Additionally, this year, instead of having signup sheets for review, the directors had a lounge area, and people had to line up to talk to them - which I think was fine for attendees, but for those who had a table (with no table assistant), it was very hard to talk to one of them without a lengthy wait away from their table. Some people I talked to had to wait for up to 2 hours for their few minutes of portfolio review.
This is both bad for the sales of the exhibiting artist, and bad for the attendees who have paid to come and talk with the exhibitors - who may have vanished to wait in the art director line.

With the much higher price tag of exhibiting vs. attending ($250-$350 a table vs $5 per day) it would have been nice to see the exhibitors get a little more consideration and incentive for investing so much time and money. Even by simply allocating a part of a day, like a Saturday morning or afternoon with a sign-up system for only exhibitors, would have relieved some tension and shown appreciation for their effort. After all, they are a huge part of the event itself. And again, having more art directors or resourceful and influential persons from the various aspects of creative entertainment industry available for constructive feedback would likewise be very much appreciated and encourage artists to attend this event year after year.

Conclusion: Risk vs Reward

To those who are still reading - thanks for making it this far, and I hope this hasn’t come across too disheartening. I truly had a lovely time meeting some wonderful people, listening to great stories, and buying some gorgeous art prints I’ve been dying to get my hands on. (Middle-Earth themed apartment, here I come!) I don’t know if I’ve ever been in a space with so many smiles and welcoming individuals.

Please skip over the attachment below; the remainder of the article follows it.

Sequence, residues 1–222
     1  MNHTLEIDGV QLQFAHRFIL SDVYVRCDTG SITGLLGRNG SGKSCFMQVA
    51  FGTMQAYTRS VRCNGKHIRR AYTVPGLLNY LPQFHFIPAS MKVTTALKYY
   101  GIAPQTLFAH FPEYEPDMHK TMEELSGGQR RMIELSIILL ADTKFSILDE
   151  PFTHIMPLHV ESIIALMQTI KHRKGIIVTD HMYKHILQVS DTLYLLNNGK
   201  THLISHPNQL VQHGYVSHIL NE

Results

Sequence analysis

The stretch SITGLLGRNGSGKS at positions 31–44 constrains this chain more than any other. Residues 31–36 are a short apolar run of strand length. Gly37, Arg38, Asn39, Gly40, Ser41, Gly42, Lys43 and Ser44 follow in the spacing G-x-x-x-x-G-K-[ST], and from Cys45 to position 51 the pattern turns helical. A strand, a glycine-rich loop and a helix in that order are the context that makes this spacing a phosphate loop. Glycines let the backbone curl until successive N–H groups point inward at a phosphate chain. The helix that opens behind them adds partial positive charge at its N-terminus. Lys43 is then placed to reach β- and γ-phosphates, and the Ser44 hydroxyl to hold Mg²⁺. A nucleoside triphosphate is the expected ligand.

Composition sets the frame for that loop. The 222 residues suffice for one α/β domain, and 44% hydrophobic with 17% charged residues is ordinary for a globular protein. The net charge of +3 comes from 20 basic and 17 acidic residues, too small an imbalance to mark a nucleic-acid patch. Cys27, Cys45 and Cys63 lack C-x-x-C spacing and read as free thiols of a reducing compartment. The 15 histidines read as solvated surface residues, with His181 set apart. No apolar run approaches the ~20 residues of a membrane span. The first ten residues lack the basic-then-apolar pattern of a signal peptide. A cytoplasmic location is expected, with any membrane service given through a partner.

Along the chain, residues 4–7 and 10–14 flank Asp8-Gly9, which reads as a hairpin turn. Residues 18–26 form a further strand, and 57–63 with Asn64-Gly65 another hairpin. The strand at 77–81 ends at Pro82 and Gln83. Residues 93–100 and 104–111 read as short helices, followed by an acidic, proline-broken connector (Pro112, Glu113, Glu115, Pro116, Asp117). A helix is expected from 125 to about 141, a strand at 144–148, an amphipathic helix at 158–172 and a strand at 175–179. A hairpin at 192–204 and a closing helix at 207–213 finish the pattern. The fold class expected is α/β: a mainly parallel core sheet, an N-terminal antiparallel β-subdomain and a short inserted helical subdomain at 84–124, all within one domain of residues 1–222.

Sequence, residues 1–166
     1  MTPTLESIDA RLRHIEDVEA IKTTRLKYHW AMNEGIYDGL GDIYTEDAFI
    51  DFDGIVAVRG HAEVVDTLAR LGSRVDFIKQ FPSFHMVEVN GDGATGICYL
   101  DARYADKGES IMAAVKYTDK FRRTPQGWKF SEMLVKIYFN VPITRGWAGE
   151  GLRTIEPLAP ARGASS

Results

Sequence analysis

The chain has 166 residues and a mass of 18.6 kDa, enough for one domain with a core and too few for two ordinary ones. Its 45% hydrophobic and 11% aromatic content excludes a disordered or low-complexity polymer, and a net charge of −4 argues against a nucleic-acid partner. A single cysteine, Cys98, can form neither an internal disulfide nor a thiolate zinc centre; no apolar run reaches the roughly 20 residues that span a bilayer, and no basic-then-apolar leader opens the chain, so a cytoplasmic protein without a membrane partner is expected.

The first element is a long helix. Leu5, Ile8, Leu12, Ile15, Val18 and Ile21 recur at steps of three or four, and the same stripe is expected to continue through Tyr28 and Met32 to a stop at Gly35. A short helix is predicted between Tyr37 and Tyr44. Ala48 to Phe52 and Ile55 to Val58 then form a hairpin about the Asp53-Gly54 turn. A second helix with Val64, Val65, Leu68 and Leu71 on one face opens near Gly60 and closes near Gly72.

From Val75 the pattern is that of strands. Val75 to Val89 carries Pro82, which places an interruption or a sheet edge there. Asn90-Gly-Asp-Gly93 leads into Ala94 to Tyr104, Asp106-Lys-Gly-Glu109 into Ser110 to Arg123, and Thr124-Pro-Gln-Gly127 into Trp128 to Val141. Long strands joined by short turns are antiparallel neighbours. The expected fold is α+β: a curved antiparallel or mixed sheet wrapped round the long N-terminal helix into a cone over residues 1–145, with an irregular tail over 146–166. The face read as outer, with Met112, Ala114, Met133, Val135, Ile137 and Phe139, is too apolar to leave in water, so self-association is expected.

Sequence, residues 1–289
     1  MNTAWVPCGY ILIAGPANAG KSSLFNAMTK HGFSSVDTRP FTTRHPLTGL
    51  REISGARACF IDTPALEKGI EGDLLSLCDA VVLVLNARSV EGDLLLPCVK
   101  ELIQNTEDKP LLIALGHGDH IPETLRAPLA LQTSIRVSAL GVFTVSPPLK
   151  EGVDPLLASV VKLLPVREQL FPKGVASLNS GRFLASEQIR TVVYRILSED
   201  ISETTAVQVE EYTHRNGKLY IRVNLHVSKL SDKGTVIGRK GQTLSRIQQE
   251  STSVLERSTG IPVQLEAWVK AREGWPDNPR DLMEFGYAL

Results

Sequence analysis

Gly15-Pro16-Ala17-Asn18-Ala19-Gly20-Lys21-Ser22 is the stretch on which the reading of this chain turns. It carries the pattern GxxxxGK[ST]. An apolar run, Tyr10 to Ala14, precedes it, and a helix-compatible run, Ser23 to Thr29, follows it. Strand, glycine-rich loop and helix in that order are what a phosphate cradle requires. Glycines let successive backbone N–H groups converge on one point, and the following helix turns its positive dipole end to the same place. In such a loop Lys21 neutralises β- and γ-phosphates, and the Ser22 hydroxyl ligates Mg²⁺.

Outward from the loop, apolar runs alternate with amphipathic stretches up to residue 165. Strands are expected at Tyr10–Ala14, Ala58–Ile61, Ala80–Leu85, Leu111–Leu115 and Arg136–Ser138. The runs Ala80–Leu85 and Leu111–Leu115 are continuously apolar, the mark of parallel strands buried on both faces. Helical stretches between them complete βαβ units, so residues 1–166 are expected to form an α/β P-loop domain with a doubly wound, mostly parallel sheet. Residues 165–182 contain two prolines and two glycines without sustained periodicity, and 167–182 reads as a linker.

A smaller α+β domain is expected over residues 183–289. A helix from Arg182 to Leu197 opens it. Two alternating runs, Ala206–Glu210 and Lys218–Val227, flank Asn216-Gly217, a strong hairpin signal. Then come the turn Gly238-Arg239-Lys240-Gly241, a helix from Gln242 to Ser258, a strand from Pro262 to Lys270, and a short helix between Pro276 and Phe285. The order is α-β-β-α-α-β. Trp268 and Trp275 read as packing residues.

On the other hand, I can’t help but assess things in the chess-board risk and reward reality we live in.

If you’re a fantasy and sci-fi loving artist who lives in the hosting city, I would absolutely encourage you to learn more about the Spectrum Fantastic Art Annual, Spectrum Live event and definitely attend. And if it makes sense for your budget and career status - get an exhibitor's table.

If you’re someone living further away, are more budget conscious or are newer to the illustration and concept art scene - I would suggest to do your research of the programming the year you’re planning to attend, and do a little comparative research to other events like IlluxCon, CTN Expo, Illustration Master Class, Schoolism events, One Fantastic Week, and various (large) comic conventions. They also present the opportunity to speak with and learn from peers and industry leaders. Many of these events also have attending art directors.

If you’ve got the time and budget, then absolutely go to Spectrum Live and try all the above mentioned events too, if you’re brave enough. :). Events in general are an awesome addition to an artist’s arsenal of tools to achieve success! 

Anyhow, I'm off to paint
For more content, follow me on Instagram. 

Me, inside another room of the convention building, eternally cold because of air conditioning.